1. Get a clean, wide brush – I usually use a 2-inch flat nylon brush, you can use a ‘varnish’ brush, but it is not essential. I wouldn’t recommend a decorators brush as it will show too many brush marks, you want a brush that is smooth to the touch so you can just glide it over the surface.
2. Pour out some varnish into a shallow dish. It is easier to control the amount of varnish on your brush this way.
3. Lay your work on a board -I use a piece of MDF, or newspaper, you are bound to get some overspray and/or drips.
4. You need to work quickly but gently – Apply in long even strokes to cover the surface top to bottom while moving from one side to the other.
5. Work side by side, left to right, slightly overlapping each stroke – you are aiming to have no visible brush marks
6. Once you leave an area, do not go back over areas that you have done. If you do, you risk dragging partially dry resin into wet, which will dry cloudy over dark colours. If you missed any areas, allow drying completely and re-varnish. 3 thin coats are better than 1 thick one.
7. After varnishing. I often cover my painting with a board slightly larger than the canvas, resting it on props so it hovers and reduces the amount of dust that could fall on the wet varnish layer. Alternatively, with a large canvas, I will prop them facing a wall when the varnish is semi-dry.
How to apply a spray varnish
- Wipe over the surface with a lint-free cloth. Make sure it is clean and dry.
- Place your painting vertically in a dust free room. This is very important, it won’t attract as much dust as horizontally and prevents you from being over heavy-handed – creating runs.
- Place your painting on top of a board that is larger than the canvas.
- Shake, Shake, Shake… and then shake some more. This is the bit you read on the back of a can and then shake for 10 seconds and eagerly start spraying. Put a timer on your phone, anything to ensure you shake that can for 2 minutes, it’s worth it for an even finish.
- Apply the spray at an even distance away from the canvas. At least 30 cms away, it’s a natural tendency to move your arm closer to the canvas, so just be aware of this.
- Regularly check the nozzle for blockages. It’s the nature of spray varnishes to become blocked really easily but I keep a rag next to me and a practice canvas so I can clean the nozzle, check the spray flow on the practice canvas and go again for real. I find I have to do this several times when I’m spraying a varnish.
- Shake, Shake, Shake… and then shake again.
- Overspray the edge. Start with the canvas and finish after the canvas spraying the board underneath. This ensures an even coverage.
- Work in thin layers. 2-3 layers should be fine but can be as many as 20 – 50 for a super glassy effect. This is personal preference, so experiment.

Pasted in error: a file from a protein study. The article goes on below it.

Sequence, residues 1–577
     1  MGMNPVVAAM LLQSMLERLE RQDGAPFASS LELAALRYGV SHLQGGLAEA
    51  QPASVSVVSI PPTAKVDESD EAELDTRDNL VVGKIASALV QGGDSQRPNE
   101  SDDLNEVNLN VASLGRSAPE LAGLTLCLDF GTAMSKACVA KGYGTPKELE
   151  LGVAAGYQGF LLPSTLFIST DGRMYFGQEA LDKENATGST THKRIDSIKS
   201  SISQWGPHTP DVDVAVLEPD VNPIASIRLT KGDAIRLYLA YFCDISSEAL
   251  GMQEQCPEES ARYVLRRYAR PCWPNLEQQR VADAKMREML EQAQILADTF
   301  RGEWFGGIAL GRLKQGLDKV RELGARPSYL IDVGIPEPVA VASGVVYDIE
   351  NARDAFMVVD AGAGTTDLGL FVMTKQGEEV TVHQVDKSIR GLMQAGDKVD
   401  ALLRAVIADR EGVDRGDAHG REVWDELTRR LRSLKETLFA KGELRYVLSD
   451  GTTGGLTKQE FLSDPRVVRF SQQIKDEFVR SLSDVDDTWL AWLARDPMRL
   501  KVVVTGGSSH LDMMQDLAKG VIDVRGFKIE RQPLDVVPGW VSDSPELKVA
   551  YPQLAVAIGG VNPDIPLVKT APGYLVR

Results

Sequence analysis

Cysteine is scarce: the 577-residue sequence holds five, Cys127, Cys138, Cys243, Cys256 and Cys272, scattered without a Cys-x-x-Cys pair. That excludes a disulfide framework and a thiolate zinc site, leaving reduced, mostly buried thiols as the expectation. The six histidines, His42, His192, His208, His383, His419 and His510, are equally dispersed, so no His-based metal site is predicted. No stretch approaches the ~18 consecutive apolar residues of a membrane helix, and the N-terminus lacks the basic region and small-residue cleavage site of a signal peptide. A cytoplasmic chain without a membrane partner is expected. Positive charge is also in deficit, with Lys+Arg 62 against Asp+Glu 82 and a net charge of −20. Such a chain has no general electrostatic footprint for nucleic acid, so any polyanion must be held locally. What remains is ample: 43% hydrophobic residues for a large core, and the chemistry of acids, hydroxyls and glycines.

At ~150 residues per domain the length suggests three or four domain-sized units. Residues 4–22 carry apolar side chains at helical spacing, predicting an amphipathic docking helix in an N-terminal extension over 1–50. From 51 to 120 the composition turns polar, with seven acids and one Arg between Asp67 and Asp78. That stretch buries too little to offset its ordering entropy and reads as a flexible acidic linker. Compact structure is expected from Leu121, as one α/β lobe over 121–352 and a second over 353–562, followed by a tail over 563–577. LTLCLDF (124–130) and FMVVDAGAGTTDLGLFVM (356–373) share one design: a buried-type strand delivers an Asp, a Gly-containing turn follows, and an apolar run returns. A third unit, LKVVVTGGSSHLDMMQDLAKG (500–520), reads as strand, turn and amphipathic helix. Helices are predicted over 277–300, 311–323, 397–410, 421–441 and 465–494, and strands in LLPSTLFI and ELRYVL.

Understanding the 7 key functions of a Varnish
1. Change the surface finish to gloss
2. Making the surface more matte
3. Provide a more unified finish to the various areas of a painting
4. Increase colour saturation
5. Protection for the paint surface
6. Allow for ease of cleaning
7. Protection from UV radiation
Increase colour saturation & sheen
Have you ever noticed how much better paving look when it’s raining? The reflection of the water on the paving slabs makes them look fantastic, the same is true of colours in paintings.
When a permanent gloss sheen is on a pigment it looks richer and more saturated.
In an Oil painting initially, it is the oil that gives the glossy effect, however, over time as the oil dries out it is actually the varnish that gives the sheen.
Different finishes of the same brand can usually be intermixed within each product type or used sequentially, to achieve any desired level of gloss.
Pro Tip: A word of warning when using a matte varnish, if not correctly mixed the matting agent (which is white) can sometimes leave a milky finish to your paintings. This is particularly noticeable on blacks.
Protection & ease of cleaning the paint surface
As varnish has a harder surface than the dried Acrylic paint it helps protect it.
When an isolation coat and varnish are applied correctly, the painting will be able to be cleaned easily. Used correctly the thinners used to remove the varnish will not penetrate the isolation coat and damage the paint film.
Protection from UV radiation
Ultra Violet Light Stabilizers, which can be found in some modern varnishes disperse UV radiation before they hit the surface of a painting. These varnishes are especially useful if you’re using materials that haven’t got a great lightfastness. It won’t render the surface completely lightfast but will considerably lessen the effects.
If you have any other questions about varnishing leave a comment in the box below.
You might also like:
1. James Bernstein, Conservator of Fine Paintings offers a more technical description of varnishing acrylic paintings on the Golden Acrylic website.
2.How to apply an Isolation Coat to an acrylic painting
3. The 3 reasons why artists varnish their paintings, and why some artists don’t
4. 7 Questions to ask yourself before varnishing an oil painting